When cell density reached about 80% confluence, cells were dissociated with TrypLE™ Select (ThermoFisher Scientific) incubated at 37 °C for 2 min. The collected cells were passaged about every 3–5 days at a seeding density of 5000 cells/cm2. All assays were performed using MSCs between passages 2 and 5.
IFNγ treatment and cell collection
MSCs were seeded into 6-well plates at a density of 5000 cells/cm2 and then cultured in MSC medium at 37 °C with 5% CO2 in a humidified atmosphere. When cell density reached about 70% confluence, MSCs were stimulated with IFNγ (5 ng/mL, R&D) for 24 h; meantime, parallel untreated wells were used as paired control. After treated for 24 h, the cells were lysed by adding of 1 ml TRIzol (Invitrogen) into each well after removing the medium and washed 3 times with PBS. For total mRNA extraction, each sample was pooled from 2 wells of 6-well plates cultured at the same time.
RNA-Seq library construction and sequencing
Total mRNA was extracted using TRIzol (Invitrogen) reagent, as described previously . Briefly, cells lysed by TRIzol were centrifuged and chloroform was added to the supernatant and mixed well. After spin, supernatant was mixed with chloroform/isopropanol (24:1) and centrifuged again. The same volume of isopropanol was added to the supernatant and stored at − 20 °C for 1 h, and then samples were centrifuged to precipitate RNA. RNA was washed by 75% alcohol twice and dissolved in nuclease-free water. The purity, integrity, and density of RNA were detected by Nanodrop, Agarose gel electrophoresis, and Agilent 2100 BioanaLyzer respectively, and then cDNA was synthesized and PCR was used to construct RNA-Seq library. All protocols for BGISEQ-500 library construction, preparation, sequencing, and quality control were provided by BGI.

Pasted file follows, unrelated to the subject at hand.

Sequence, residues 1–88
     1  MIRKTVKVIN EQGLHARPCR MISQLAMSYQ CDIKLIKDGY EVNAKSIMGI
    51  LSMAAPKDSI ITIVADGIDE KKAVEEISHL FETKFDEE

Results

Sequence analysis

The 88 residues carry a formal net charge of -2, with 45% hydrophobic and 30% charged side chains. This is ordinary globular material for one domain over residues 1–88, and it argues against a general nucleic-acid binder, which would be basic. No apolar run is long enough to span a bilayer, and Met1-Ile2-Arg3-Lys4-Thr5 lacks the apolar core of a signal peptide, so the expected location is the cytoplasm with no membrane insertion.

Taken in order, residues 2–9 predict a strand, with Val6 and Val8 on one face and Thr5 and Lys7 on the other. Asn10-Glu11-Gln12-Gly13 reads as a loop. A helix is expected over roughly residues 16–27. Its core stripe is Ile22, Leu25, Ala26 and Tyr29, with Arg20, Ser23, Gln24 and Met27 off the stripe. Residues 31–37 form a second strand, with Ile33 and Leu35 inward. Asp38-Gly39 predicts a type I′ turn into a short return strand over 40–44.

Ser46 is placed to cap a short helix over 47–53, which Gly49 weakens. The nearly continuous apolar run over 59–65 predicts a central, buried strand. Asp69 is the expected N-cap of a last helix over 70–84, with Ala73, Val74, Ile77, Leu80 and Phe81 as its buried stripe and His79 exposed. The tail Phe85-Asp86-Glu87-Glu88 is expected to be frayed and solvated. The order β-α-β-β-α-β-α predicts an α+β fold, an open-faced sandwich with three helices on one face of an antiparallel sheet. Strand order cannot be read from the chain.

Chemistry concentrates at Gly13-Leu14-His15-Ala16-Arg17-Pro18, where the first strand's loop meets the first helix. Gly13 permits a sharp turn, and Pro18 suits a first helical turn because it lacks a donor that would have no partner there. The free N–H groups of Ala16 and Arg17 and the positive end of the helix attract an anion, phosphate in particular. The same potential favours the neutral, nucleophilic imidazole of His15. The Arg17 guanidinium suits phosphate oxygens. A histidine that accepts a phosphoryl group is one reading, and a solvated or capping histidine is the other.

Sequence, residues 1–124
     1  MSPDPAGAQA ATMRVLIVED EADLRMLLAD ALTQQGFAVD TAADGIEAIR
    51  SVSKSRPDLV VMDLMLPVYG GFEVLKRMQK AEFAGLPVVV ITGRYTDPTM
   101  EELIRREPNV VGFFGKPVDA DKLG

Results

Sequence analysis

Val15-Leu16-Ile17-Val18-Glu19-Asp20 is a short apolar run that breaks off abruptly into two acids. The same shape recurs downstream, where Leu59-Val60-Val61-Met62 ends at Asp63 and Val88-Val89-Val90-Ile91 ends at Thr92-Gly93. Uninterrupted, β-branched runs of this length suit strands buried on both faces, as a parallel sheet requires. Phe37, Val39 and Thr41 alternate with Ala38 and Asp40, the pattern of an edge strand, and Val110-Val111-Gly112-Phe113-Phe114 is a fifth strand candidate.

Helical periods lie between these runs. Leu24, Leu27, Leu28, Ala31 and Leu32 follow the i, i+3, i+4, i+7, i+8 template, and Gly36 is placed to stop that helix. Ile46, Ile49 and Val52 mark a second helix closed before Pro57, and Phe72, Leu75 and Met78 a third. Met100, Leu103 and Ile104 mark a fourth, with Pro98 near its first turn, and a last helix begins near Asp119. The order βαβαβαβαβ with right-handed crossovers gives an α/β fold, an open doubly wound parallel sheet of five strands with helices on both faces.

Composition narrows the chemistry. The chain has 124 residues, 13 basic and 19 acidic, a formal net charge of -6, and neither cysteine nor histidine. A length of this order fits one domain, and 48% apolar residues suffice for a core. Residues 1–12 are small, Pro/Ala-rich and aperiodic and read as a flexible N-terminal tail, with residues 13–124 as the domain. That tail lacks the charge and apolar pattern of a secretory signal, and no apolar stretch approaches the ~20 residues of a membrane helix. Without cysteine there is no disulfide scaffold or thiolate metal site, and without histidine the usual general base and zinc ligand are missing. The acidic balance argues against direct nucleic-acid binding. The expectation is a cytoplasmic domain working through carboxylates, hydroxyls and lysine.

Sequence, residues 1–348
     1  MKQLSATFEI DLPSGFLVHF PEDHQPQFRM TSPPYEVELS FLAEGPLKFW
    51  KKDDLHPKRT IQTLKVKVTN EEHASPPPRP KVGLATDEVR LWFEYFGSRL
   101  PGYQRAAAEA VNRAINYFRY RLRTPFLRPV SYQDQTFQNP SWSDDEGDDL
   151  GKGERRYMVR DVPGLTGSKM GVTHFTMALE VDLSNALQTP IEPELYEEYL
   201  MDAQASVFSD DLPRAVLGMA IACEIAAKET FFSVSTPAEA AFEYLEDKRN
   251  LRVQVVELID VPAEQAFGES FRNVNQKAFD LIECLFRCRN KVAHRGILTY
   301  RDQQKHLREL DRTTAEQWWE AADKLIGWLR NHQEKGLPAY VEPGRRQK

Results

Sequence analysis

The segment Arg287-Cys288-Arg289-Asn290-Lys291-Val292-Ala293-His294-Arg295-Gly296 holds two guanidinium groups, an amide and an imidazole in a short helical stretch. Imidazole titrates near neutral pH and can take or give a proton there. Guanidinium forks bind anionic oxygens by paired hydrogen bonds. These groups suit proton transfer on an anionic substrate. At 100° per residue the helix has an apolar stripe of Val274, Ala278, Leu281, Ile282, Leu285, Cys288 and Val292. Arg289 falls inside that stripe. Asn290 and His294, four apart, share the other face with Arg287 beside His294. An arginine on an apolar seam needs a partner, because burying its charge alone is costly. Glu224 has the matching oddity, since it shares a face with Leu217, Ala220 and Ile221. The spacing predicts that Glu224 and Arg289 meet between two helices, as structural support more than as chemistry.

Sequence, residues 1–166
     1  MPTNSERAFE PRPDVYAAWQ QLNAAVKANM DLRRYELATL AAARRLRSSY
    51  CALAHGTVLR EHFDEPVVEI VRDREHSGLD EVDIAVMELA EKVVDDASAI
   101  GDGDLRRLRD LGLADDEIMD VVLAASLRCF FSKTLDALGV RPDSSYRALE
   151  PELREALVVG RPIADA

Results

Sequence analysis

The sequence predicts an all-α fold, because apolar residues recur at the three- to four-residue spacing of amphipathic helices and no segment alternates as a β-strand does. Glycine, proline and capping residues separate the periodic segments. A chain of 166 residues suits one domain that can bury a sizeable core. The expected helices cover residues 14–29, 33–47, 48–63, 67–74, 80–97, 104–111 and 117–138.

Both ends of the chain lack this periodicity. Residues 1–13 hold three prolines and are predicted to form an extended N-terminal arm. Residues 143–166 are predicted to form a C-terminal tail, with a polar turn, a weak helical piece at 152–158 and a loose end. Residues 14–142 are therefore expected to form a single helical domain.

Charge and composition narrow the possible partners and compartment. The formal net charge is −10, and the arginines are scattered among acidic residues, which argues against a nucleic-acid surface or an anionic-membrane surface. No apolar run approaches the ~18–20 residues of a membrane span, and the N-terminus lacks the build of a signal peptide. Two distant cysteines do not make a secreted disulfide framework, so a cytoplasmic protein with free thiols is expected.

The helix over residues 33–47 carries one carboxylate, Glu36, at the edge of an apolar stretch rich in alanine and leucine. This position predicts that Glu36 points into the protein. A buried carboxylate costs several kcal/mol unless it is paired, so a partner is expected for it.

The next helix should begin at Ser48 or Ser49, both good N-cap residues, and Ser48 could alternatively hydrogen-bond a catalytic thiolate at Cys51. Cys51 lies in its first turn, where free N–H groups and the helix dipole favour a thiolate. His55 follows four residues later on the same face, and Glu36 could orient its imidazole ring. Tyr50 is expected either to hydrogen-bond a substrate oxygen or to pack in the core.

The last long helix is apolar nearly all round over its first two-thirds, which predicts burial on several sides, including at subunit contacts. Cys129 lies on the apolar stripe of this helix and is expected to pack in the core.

To enhance the repeatability of our experiments, 13 cell lines (UC (n = 7), PL (n = 3), AD (n = 2), and PD (n = 1)) banked in the National Institutes for Food and Drug Control were independently cultured and treated with IFNγ with the similar methods as mentioned above. Then, the cells were lysed by TRIzol and shipped to our labs for RNA-seq.
RNA-Seq data processing and quality control